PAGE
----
INTRODUCTION — Solitary fibrous tumor (SFT) comprises a histologic spectrum of rarely metastasizing fibroblastic mesenchymal neoplasms that includes tumors formerly classified as hemangiopericytoma [1,2]. Although they are commonly thought of as intrathoracic tumors, 50 to 70 percent of SFTs arise outside the thorax, including the central nervous system (CNS). The clinical manifestations, diagnosis, management, and prognosis of SFT at sites other than the CNS are reviewed here.
Data on the presentation, clinical features, and natural history of SFT are nearly exclusively derived from retrospective series and case reports. The rarity of SFT, historical bias in subclassifying tumors by body site (pleural versus extrapleural) and histology (SFT versus hemangiopericytoma), as well as changes in diagnostic terminology over the years have resulted in a fragmented, unsystematic approach to this neoplasm.
SFTs/hemangiopericytomas arising within the CNS are discussed elsewhere. (See "Uncommon brain tumors", section on 'Solitary fibrous tumor'.)
PRIOR NOMENCLATURE — The discovery of a shared, recurrent, and thus far unique gene fusion in solitary fibrous tumor (SFT) and tumors previously histologically identified as hemangiopericytoma has confirmed the identical nature of these tumors. SFT is the preferred terminology, and the use of the term "hemangiopericytoma" is considered obsolete across all anatomic sites [1-3].
SFT was first described in the pleura in 1931 and historically recognized by several names (eg, benign mesothelioma, localized mesothelioma, solitary fibrous mesothelioma, pleural fibroma, submesothelial fibroma, subserosal fibroma, and localized fibrous tumor) . However, SFT can occur anywhere in the body, including soft tissue and viscera, albeit with a peculiar predilection for body cavity sites, including pleura, peritoneum, and meninges.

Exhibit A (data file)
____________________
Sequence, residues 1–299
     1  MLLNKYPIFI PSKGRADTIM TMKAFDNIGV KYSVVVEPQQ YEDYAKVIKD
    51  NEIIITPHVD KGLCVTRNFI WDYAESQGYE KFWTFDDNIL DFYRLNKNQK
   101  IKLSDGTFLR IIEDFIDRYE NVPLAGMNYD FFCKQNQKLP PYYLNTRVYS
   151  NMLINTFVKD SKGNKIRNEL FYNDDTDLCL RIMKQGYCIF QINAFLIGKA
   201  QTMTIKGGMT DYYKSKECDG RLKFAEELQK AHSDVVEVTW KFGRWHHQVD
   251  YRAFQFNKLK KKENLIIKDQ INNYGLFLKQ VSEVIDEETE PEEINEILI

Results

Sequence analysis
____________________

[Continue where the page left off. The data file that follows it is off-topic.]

Hemangiopericytomas were first described in 1942 and initially thought to be a vascular neoplasm related to smooth muscle perivascular cells known as pericytes . However, the diagnosis was largely descriptive, based upon a nonspecific, albeit characteristic, staghorn vascular pattern, and the term became a "wastebasket" diagnosis, which included a variety of unrelated benign and malignant entities. With the advent of diagnostic immunohistochemistry (IHC) and cytogenetic analysis, pathologists were able to exclude histologic mimics, and hemangiopericytoma became more accepted as a distinct entity, although largely a diagnosis of exclusion, until the recognition of phenotypic and behavioral overlap with SFT led pathologists to consider the two as one tumor type.
Sinonasal glomangiopericytoma, sometimes also called "sinonasal hemangiopericytoma," is a clinically, morphologically, and biologically distinct entity that differs from SFT and should not be confused with it .
EPIDEMIOLOGY AND RISK FACTORS — In one nationwide study, SFT accounted for 3.7 percent of all soft tissue sarcomas and mesenchymal tumors of intermediate malignancy presenting over a four-year period (2013 to 2016), with an estimated annual incidence of 0.35 per 100,000 individuals . In smaller series, SFTs arising from the pleura have been estimated to occur with a frequency of 2.8 per 100,000 individuals [8-10]. Pleural SFTs account for less than 5 percent of all tumors arising from the pleura [9,11,12].